Background: Treatment with statins substantially reduces cardiovascular morbidity and mortality both
in patients with and without established cardiovascular disease. Accordingly, statins represent the cornerstone of
lipid-lowering treatment. However, there are still unmet clinical needs in the management of dyslipidemia. Indeed,
it is difficult to achieve low-density lipoprotein cholesterol (LDL-C) targets in many patients, particularly in
those at very high cardiovascular risk or in those with very high baseline LDL-C levels [e.g. with heterozygous
familial hypercholesterolemia (FH)]. Moreover, a sizable proportion of patients are not able to tolerate high doses
of statins, mostly due to muscle-related adverse effects. In these patient populations, inhibition of proprotein
convertase subtilisin-kexin type 9 (PCSK9) with monoclonal antibodies appears to represent a useful tool for
achieving LDL-C targets.
Methods: In the present review, we summarize the current knowledge on the effects of the PCSK9 inhibitors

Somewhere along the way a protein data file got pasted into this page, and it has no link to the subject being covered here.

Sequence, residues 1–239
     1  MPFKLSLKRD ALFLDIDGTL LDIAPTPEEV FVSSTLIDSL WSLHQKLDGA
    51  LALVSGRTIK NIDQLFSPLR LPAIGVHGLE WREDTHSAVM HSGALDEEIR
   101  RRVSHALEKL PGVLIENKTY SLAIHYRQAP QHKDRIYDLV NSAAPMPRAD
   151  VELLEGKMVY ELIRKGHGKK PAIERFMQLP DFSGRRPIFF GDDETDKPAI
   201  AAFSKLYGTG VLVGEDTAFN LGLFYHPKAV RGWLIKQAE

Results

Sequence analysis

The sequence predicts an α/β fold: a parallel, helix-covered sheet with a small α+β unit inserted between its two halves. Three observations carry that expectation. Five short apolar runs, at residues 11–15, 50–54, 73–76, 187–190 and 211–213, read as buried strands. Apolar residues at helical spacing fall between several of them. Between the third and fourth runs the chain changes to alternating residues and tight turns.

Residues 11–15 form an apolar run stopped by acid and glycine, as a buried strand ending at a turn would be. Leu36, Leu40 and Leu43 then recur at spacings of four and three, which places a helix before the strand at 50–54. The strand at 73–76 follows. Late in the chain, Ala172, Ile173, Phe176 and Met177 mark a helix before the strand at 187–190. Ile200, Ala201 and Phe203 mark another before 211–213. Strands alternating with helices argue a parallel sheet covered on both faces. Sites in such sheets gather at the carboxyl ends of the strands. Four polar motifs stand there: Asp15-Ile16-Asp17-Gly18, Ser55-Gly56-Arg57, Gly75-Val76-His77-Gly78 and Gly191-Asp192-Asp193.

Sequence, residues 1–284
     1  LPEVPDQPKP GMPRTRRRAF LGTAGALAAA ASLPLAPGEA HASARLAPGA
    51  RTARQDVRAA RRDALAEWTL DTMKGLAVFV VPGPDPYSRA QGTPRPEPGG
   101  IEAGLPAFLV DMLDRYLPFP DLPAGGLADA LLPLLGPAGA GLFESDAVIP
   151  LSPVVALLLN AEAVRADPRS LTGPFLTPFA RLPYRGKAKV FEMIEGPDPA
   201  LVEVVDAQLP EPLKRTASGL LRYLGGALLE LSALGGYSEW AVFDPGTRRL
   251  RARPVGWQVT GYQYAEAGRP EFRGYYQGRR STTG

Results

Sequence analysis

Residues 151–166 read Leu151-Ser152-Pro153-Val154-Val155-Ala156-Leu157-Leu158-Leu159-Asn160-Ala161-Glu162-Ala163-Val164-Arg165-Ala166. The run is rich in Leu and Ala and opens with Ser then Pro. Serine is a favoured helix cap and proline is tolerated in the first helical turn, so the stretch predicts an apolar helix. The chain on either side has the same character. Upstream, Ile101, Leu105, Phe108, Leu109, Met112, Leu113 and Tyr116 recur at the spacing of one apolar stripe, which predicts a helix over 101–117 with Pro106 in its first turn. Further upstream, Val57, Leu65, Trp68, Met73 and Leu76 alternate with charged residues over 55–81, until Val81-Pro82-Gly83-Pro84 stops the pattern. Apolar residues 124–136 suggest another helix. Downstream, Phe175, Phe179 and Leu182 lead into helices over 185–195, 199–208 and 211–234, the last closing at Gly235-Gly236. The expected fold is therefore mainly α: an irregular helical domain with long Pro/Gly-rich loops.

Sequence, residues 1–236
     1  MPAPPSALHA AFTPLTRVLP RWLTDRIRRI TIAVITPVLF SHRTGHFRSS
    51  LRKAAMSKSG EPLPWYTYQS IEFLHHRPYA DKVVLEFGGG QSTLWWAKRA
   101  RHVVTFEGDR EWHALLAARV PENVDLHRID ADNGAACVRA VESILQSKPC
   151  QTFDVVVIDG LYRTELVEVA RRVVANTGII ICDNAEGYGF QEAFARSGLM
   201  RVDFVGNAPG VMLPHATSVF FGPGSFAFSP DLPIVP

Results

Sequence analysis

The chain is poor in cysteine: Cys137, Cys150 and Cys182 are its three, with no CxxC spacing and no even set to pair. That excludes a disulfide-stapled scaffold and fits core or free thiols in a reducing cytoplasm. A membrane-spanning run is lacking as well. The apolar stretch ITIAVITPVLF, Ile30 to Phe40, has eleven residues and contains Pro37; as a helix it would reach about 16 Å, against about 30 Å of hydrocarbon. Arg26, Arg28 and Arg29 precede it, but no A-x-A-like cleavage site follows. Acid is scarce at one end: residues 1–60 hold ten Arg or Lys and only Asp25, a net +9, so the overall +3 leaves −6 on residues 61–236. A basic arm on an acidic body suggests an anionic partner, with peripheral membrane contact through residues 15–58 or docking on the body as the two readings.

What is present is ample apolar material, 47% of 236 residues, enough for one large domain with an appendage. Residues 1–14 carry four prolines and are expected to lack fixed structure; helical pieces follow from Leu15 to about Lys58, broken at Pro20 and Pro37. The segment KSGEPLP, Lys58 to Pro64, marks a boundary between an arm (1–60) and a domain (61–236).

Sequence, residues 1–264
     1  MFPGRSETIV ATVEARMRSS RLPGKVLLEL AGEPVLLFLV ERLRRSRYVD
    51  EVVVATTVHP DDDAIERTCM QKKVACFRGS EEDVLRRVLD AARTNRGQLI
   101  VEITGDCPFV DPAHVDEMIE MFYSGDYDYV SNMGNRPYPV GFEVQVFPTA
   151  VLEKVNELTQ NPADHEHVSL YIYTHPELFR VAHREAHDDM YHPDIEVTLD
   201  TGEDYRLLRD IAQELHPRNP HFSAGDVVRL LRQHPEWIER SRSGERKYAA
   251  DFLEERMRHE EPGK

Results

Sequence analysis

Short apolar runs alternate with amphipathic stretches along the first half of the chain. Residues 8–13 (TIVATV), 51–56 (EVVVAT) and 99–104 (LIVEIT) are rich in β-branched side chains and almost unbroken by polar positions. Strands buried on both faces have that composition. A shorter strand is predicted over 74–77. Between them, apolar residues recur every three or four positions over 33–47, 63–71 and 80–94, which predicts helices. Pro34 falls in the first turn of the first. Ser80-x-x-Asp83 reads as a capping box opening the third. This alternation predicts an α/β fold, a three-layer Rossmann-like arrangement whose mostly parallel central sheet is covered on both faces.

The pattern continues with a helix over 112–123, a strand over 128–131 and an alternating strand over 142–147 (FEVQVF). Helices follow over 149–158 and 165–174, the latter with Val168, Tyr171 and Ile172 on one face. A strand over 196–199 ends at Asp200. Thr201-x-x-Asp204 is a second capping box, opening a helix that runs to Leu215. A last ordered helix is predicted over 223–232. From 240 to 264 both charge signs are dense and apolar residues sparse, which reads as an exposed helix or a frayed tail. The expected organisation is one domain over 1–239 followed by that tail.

alirocumab and evolocumab on lipid levels in various populations and discuss the role of these agents in the management
of dyslipidemia. Results: In addition to a substantial reduction in LDL-C levels (by 50-60%), PCSK9
inhibitors also lower triglyceride, non-high-density lipoprotein cholesterol (non-HDL-C) and lipoprotein (a) levels
and increase HDL-C levels. Preliminary data suggest that PCSK9 inhibitors are safe. However, ongoing randomized,
placebo-controlled trials will provide definitive evidence on the safety of these novel agents and on
their effects on cardiovascular morbidity and mortality.
Conclusion: Given the high cost of PCSK9 inhibitors, their use should be restricted to carefully selected, veryhigh
risk patients until the results of these trials are available.